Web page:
Luther Alumni Magazine

Karen Martin-Schramm looks back on her years with the President’s Office

There is laughter, and there are tears. But mostly there is gratitude as Karen Martin-Schramm reflects on two decades of service as executive assistant to three Luther presidents: Jeffrey Baker, Richard Torgerson, and Paula Carlson.

Karen Martin-Schramm with Wangari Maathai,Kenyan environmental and political activist and Nobel Peace Prize laureate, during the 2006 Nobel Peace Prize Forum at Luther.
Karen Martin-Schramm with Wangari Maathai,Kenyan environmental and political activist and Nobel Peace Prize laureate, during the 2006 Nobel Peace Prize Forum at Luther.


“I really feel like it has been a  calling—that all my gifts have been used in this job,” says Martin-Schramm, who stepped down in March. “I am so thankful to have had this opportunity, to have been able to contribute to the college in so many different ways.”

Martin-Schramm joined Luther’s staff in 1996, three years after her husband, Jim Martin-Schramm, joined the college’s religion faculty. She had just wrapped up a yearlong stint organizing the 1996 Nobel Peace Prize Forum, hosted by Luther, when the college’s newly elected president, Jeffrey Baker, hired her as his assistant. Though she already had a decade of administrative experience—including two “fascinating” years with the National Council of Churches in New York City, during which she met Billy Graham, Desmond Tutu, and many other prominent faith leaders— Martin-Schramm says she still had much to learn as she settled into the college’s executive suite.

“The suite in the Union was new, I was new, and Jeff was new,” she says. “It was the two of us, armed with some boxes of materials, and together we had to figure out how to run the President’s Office.”

Figure it out they did, but their productive partnership came to an abrupt and painful end when Baker was diagnosed with lung cancer in 1998. “Jeff made such an impact here in such a short time,” she says. “The outpouring of support was incredible, as was his strength, once he became ill.”

Richard Torgerson, Baker’s successor, was quick to spot—and employ—Martin-Schramm’s project-management and organizational  talents when he arrived in 1999. Over the next 15 years, she helped coordinate two multiple-year strategic planning processes, orchestrated numerous special events (including a visit by the king and queen of Norway in 2011 and the years-in-the-works  sesquicentennial celebration that same year), helped develop the college’s first integrated communications and marketing plan, oversaw numerous executive searches, directed a campus signage redesign, planned three more Nobel Peace Prize Forums (NPPF), and worked  directly with the Luther Board of Regents.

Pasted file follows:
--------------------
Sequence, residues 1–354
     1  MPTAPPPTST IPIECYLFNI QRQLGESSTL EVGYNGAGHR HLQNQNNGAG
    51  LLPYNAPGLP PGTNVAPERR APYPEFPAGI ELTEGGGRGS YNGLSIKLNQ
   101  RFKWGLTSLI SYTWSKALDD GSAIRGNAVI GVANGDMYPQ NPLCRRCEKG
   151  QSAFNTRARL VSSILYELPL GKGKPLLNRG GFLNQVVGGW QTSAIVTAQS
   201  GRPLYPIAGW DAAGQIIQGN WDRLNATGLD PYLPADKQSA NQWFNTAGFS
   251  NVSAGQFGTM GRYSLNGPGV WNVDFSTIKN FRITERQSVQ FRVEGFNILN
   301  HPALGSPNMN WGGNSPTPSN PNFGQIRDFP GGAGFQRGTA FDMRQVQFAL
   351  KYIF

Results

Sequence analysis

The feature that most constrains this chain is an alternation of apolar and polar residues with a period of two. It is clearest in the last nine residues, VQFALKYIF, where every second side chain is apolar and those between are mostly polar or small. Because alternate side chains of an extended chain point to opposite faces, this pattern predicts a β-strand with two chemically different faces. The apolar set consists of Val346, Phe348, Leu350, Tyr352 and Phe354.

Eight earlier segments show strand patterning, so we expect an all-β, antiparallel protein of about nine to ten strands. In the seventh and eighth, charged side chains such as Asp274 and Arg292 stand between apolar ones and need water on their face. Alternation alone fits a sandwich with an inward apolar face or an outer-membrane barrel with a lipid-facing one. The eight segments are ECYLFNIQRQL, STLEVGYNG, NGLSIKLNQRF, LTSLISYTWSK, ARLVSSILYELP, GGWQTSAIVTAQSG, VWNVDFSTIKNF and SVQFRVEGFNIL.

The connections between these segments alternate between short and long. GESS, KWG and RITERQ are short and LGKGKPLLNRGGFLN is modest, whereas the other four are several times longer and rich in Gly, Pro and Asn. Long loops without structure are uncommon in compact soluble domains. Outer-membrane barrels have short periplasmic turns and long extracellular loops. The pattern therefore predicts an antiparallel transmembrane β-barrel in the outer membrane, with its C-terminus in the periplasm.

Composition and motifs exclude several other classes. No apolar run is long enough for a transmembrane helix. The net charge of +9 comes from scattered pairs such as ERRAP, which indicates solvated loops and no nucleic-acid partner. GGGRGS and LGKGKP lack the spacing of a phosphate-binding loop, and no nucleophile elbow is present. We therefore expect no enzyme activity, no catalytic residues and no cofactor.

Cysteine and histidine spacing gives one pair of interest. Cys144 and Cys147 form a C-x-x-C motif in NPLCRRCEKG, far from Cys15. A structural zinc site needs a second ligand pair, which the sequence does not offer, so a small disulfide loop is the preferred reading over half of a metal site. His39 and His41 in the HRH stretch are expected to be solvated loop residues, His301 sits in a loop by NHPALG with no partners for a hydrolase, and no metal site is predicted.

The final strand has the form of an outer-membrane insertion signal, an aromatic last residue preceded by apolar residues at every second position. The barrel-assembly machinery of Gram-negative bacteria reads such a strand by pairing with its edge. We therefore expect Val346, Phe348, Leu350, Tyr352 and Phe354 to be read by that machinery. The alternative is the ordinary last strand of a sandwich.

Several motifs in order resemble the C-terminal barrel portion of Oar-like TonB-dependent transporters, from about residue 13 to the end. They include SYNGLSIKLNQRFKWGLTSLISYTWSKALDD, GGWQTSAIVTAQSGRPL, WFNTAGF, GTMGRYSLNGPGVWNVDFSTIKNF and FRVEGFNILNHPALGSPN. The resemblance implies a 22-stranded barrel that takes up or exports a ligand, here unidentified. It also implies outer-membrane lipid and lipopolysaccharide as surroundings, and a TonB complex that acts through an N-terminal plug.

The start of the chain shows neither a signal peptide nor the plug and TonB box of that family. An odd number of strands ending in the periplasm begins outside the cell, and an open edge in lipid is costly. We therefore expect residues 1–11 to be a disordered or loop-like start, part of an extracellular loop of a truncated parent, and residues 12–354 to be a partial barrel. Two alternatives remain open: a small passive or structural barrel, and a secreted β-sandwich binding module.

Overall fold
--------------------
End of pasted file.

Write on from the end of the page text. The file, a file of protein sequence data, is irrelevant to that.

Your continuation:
Closest to her heart, Martin-Schramm says, was her work with the NPPFs and the Luther regents, whom she describes as “down-to-earth, dedicated, and exceptionally giving.” For 20 years, she prepared meeting agendas and background materials, attended those meetings, and served as campus liaison with the college’s governing board. “The best boards are the ones that reflect the character of  the institution, and our regents really do reflect Luther’s student-centered spirit of community,” she says. “Working with the board has  been one of the most fun, inspiring, and rewarding parts of my job.”

Equally rewarding was her work with the four Nobel Peace Prize Forums hosted by Luther. As forum organizer, Martin-Schramm was instrumental in bringing Nobel Peace Prize laureates such as Kenyan environmental and political activist Wangari Maathai (2006) and Iranian attorney and human rights activist Shirin Ebadi (2011) to campus. “I firmly believe that the forum changed students’ lives,” she says. “It’s a big, big deal just to be in a room in Decorah, Iowa, with a Nobel laureate.”

While she says an administrative career in Lutheran higher education has felt like destiny—“One of my grandfathers served as president of Texas Lutheran College, the other received an honorary doctorate from Luther, so it’s in my DNA”—it’s time, Martin-Schramm says, to take on new challenges. This summer she and her husband will accompany a dozen Luther students to England, where the couple will serve as codirectors of the college’s Nottingham program for the coming year.

“I didn’t have a lot of interaction with students on campus, so I’m really looking forward to getting to know several of them during our time in England,” says Martin-Schramm, flashing her trademark smile. “And when we return to Decorah, who knows what’s next?”